Delivering the Commencement Address at University of Texas at Austin in 2014, Admiral William H McRaven, a retired United States Navy Admiral who last served as the ninth commander of the United States Special Operations Command from August 8, 2011, to August 28, 2014 said “If you make your bed every morning you will have accomplished the first task of the day.”
‘Making the bed’ ritual was all important first task of the day one accomplished as a Cadet at Sainik (Military) School, from the age of nine to sixteen. On joining the National Defence Academy (NDA), morning shave became the first important task of the day. During early school days, one did not have any facial hair and in senior classes, shaving was a ritual only during weekly haircut, executed by the barber. On joining NDA, morning shave became mandatory for all cadets and it continued through my over two decades of service with the Indian Army.
One winter morning in the eighties, I, a young Lieutenant and Senior Subaltern of the Regiment, received a message that an important political leader had passed away and the day was declared a holiday. I had by then shaved and was changing. I came out of my room, dressed in whites for physical training (PT) and I found all other Lieutenants also ready for PT. “We have shaved and put on our PT dress. Let us all go for a run. Once you have shaved early morning, holiday or not, it makes no difference ,” I said.
In the Army, being a uniformed service, discipline is judged partly by the manner in which a soldier wears a prescribed uniform or a dress, as well as by the individual’s personal appearance. Thus a well-groomed appearance by all soldiers is fundamental to the Army and contributes to building pride and esprit-de-corps. There is a need for every soldier to be self-disciplined and also be proud of being part of a noble profession. It is the prime responsibility of all commanders to ensure that soldiers under their command present a smart and soldierly appearance. All commanders have to ensure that soldiers take pride in their appearance at all times, in or out of uniform, on and off duty. A properly shaved soldier, sporting a mustache if preferred, will surely give a soldierly appearance.
Soldiers sporting a clean shaven face can be attributed to Alexander the Great. It is believed that he ordered his soldiers to be clean shaven so that the enemy might not grab them by their beard and throw them to ground.
In Indian Army, soldiers are expected to be clean shaven other than the Sikhs, who are allowed to grow their beard. Mustache if worn must remain above the upper lip. British Army, from where most traditions and regulations came for the Indian Army, orders regarding shaving can be traced back to the Eighteenth Century. Until then, British soldiers were all clean shaven and did not wear a mustache. Soldiers of Hussar Cavalry Regiments wore mustaches to intimidate their enemies. This mustache trend spread across British Army. At this time, a mustache differentiated a soldier from a civilian. Influence of Indian Royalty and Indian belief that mustache indicated manliness could have also played a role. By late Eighteenth century, mustache became popular among British civilians, so also sideburns.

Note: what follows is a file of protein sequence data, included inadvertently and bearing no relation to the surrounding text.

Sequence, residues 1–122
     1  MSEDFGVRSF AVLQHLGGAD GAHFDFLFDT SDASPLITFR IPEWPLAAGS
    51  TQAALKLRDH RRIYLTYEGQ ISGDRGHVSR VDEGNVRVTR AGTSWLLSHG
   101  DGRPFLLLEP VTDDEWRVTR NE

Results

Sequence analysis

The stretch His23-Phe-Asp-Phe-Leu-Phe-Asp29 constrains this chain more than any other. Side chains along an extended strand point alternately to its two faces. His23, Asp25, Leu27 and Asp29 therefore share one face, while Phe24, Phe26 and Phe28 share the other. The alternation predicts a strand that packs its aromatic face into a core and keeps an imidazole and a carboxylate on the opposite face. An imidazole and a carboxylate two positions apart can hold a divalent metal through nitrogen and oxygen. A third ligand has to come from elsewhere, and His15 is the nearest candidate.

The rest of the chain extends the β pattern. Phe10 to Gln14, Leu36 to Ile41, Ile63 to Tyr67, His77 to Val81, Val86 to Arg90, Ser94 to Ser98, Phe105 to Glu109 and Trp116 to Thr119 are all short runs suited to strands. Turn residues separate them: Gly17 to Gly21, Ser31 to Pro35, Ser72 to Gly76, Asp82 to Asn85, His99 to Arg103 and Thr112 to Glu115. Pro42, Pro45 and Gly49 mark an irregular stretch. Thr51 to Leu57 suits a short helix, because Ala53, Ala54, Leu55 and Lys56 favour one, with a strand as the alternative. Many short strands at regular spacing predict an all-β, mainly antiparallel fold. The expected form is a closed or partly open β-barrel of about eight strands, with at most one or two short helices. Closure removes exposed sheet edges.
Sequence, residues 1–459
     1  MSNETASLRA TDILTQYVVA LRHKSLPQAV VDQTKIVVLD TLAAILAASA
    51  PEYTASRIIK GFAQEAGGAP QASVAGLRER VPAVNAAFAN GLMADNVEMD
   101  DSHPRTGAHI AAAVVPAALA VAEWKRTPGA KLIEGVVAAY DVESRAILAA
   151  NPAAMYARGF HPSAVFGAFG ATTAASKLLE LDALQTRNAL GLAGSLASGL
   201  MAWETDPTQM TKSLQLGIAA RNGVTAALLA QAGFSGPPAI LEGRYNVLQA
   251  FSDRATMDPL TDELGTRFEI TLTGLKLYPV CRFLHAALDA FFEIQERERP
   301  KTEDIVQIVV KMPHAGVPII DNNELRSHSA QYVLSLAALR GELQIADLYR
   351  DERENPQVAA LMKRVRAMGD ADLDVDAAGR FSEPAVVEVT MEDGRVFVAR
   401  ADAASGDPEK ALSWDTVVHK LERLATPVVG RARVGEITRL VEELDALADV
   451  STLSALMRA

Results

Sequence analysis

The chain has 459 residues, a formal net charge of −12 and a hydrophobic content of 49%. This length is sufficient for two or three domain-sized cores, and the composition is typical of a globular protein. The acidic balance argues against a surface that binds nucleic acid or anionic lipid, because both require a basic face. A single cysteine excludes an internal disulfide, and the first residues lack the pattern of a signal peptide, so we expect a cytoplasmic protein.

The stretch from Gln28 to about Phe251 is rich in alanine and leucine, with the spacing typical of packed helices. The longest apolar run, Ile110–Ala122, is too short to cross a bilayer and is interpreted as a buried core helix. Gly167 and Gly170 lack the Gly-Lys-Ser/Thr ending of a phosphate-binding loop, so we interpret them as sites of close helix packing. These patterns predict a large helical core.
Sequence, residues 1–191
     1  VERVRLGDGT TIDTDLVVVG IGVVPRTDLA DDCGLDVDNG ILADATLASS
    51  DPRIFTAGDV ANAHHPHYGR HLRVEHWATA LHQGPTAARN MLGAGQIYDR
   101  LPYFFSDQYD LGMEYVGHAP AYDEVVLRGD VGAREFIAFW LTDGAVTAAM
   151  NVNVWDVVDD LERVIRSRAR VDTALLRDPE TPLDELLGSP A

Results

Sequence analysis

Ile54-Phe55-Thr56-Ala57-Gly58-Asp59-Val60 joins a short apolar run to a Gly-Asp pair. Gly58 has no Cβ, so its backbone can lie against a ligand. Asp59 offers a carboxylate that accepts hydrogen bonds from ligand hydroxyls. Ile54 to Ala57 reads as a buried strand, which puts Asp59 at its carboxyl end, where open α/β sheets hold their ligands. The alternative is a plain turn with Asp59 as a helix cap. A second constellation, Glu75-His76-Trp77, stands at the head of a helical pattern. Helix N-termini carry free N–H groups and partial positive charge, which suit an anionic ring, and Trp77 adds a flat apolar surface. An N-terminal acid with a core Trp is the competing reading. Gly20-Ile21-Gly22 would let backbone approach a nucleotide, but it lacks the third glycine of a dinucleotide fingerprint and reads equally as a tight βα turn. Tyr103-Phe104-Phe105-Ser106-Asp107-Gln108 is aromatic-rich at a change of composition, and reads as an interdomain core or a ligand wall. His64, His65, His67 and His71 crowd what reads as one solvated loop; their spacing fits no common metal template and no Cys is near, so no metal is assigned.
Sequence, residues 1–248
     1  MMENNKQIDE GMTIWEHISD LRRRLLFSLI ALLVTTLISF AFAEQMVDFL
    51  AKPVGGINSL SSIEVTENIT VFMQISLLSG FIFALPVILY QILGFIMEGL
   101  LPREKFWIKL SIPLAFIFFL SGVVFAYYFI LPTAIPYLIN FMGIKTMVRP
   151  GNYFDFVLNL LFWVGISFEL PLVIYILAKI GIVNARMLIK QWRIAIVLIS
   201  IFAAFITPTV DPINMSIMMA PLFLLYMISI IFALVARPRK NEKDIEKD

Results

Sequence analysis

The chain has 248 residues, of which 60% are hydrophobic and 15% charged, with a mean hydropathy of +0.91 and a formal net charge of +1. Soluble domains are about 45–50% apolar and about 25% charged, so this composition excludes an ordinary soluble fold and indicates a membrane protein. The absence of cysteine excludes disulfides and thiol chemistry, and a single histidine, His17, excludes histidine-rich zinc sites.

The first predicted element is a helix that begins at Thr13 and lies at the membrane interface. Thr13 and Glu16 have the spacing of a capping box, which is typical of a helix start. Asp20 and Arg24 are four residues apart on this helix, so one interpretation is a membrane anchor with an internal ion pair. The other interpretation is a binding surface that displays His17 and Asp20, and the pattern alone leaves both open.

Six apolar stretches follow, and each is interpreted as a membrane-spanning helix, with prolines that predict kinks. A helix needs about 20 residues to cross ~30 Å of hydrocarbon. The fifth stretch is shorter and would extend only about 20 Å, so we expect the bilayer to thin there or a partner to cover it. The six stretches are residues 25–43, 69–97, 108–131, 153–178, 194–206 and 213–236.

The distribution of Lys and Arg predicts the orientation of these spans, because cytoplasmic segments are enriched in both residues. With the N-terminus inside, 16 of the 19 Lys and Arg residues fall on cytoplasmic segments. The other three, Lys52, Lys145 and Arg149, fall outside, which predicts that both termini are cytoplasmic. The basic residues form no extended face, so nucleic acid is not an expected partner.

Sir Douglas Haig with his army commanders and their chiefs of staff – World War I – (Image Courtesy Wikimedia).
During World War I, Commonwealth soldiers found it cumbersome to maintain their mustache, while fighting trench warfare. Many soldiers and officers preferred to shave off their mustaches and it even led to some sort of a revolt. A few soldiers were even court-martialed for not complying with the order of a mustache. In 1913, General Nevil Macready investigated the matter and submitted a report that orders regarding mustaches be withdrawn. No action was taken on this report and in 1915 King George reinforced the necessity of a mustache for a soldier. General Macready resubmitted his ‘mustache’ recommendations in 1916 and on 8 October, order was passed, doing away with a mandatory mustache for a soldier.
Iconic poster of World War I with Lord Kitchener, sporting a handlebar mustache, persuading everyone to join the army still stands out (Image Courtesy Wikimedia).
It is a myth that hair tend to grow thicker and darker than before due to shaving. Mildred Trotter, a forensic anthropologist debunked this myth back in 1928, when she asked three college students to shave their legs, ankle to knee, twice weekly for eight months. Using a microscope, she compared each student’s hair growth rate, color and thickness. She concluded that shaving had no impact on hair’s texture or growth.
Wrestlers are mostly clean shaven as Olympic rules require them to have either a full beard or none at all, as stubble can irritate an opponent’s skin. Swimmers are mostly clean shaven – they remove all possible body hair – as body hair can slow them down a bit.
Married Amish men sport a beard with a trimmed mustache in place of wearing a wedding ring.
For reasons still unclear, Parliament fired the personal barber of Charles I of England. Famously slow to trust others, King Charles never shaved again, for fear that a new barber would try to kill him.